Monroe Deutsch (Provost 1931-1947)
In 1942, months after the attack on Pearl Harbor, Executive Order 9066 was issued, allowing the Secretary of War and military commanders to prescribe military areas. This vested them the power to exclude individuals, specifically 120,000 Japanese Americans and have them sent to internment camps. Over two-thirds of them were U.S. citizens, and many of them were children. None had committed any acts of sabotage throughout the war; they were imprisoned without trial simply because of long-standing racist views towards Asian Americans and a desire to curb their growing economic success. Among those imprisoned were hundreds of Berkeley students, who were forced to withdraw from school and give up their education—sometimes permanently.
Provost Monroe Deutsch was a remarkable champion of these members of the UC Berkeley community who faced intense public persecution and vilification. He took an active role in the Fair Play Committee, established by University President Robert Sproul, in an effort to mitigate the effects of the executive order and allow interned Japanese American students to leave the camps and continue their education by transferring to colleges and universities outside the declared military zone. Deutsch also wrote to President Roosevelt and Supreme Court Justice Felix Frankfurter warning of the moral injustices that would occur when civil liberties were disregarded.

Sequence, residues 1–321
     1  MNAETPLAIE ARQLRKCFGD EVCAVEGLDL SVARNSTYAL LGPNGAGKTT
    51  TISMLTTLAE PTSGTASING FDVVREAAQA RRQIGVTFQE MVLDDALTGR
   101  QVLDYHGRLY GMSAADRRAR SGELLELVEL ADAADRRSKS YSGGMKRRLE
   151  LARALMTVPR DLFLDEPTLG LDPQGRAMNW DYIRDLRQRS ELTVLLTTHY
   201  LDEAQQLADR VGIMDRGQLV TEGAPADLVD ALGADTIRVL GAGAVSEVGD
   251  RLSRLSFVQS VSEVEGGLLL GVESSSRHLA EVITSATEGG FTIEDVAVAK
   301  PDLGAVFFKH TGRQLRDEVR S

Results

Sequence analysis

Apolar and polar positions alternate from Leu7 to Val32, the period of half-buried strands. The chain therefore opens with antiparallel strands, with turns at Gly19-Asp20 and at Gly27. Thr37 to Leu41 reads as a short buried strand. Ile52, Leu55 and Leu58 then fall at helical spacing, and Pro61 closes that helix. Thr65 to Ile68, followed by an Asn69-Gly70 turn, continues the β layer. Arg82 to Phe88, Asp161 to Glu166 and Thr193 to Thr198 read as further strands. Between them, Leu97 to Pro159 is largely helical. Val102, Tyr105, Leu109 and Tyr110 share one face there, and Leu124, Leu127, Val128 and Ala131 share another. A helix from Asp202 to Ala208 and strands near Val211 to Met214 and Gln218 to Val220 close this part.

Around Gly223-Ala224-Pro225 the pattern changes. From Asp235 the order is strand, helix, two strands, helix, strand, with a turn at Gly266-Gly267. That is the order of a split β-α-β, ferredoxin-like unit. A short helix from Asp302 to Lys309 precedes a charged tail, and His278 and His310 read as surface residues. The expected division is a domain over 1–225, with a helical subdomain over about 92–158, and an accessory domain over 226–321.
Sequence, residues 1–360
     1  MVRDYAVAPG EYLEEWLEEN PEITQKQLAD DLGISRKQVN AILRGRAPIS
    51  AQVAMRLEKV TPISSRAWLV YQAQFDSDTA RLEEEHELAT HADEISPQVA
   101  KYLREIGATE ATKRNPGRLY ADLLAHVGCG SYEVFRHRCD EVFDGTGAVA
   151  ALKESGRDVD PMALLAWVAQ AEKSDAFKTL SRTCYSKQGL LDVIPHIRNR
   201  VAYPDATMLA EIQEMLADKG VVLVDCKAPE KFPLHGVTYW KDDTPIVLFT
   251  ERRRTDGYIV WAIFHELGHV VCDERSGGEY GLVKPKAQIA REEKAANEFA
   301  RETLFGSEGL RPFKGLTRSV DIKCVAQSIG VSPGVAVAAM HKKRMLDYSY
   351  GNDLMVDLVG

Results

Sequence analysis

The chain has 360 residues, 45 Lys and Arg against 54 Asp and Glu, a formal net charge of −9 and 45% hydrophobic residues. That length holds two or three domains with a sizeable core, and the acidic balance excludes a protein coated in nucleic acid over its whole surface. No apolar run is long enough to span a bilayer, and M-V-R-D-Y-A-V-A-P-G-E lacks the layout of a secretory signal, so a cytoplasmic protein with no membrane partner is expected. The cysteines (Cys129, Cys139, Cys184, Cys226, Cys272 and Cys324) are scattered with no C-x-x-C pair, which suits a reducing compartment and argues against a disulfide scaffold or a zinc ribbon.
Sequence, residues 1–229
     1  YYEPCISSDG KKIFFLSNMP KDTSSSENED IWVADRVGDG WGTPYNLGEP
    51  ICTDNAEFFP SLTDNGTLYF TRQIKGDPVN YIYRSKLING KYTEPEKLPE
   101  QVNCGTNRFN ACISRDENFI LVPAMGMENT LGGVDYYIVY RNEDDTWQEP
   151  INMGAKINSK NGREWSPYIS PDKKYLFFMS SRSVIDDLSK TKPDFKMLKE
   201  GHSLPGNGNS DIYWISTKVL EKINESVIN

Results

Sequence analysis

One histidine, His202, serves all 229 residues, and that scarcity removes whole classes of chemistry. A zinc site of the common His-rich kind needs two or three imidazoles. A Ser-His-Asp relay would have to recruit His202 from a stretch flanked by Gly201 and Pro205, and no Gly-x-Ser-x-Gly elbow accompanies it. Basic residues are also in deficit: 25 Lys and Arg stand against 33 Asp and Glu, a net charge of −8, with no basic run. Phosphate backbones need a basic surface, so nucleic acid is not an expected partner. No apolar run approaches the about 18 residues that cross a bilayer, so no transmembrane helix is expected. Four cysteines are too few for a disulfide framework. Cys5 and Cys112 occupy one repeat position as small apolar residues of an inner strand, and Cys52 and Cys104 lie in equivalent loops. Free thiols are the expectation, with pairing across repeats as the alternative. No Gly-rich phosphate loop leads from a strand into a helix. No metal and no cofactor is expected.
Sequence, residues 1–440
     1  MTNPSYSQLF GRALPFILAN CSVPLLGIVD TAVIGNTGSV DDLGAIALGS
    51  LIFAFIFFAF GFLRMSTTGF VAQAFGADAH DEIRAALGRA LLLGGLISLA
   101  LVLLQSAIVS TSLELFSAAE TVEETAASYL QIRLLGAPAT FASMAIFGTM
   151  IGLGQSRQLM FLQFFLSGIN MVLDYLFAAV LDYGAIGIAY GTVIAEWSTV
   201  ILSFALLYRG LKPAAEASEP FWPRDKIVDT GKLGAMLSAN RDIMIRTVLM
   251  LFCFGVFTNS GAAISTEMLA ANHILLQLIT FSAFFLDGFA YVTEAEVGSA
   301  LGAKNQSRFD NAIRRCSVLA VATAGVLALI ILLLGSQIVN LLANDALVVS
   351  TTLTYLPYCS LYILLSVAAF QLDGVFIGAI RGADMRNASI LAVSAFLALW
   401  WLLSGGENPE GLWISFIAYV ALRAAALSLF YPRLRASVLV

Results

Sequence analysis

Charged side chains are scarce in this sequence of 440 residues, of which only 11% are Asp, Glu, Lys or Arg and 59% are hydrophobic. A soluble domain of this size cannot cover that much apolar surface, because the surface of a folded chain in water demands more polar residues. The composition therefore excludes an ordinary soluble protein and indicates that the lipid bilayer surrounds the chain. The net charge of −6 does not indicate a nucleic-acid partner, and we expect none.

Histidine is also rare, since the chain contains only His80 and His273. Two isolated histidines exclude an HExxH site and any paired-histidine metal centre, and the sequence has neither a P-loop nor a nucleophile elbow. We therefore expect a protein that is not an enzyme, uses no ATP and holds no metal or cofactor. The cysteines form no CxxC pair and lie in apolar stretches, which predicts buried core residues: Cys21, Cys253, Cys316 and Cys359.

However, his most effective actions come from his work as Vice President of the National Student Relocation Council. Here, he was able to help 216 interned students get into colleges in 1943 by receiving responses from 416 colleges willing to accept Japanese American students. In all, with the efforts of Monroe Deutsch, 1500 students were successfully moved to 500 different colleges on the East Coast.
Deutsch’s courageous actions and unwavering efforts on behalf of these members of the UC Berkeley community offer us a shining example of an administrator who valued his students and the integrity of the university. He was a resolute supporter of the United States Constitution, and his moral clarity is inspiring and stands the test of time.
Professor of Latin and UC Berkeley alumnus
Vice President of the National Student Relocation Council
“Can not something be done to insure humane treatment even in war time? For over the expulsion of an entire group of American citizens because of ancestry is an unprecedented blow at all our American principles … this does not alter the fact that innocent lives are being uprooted.”
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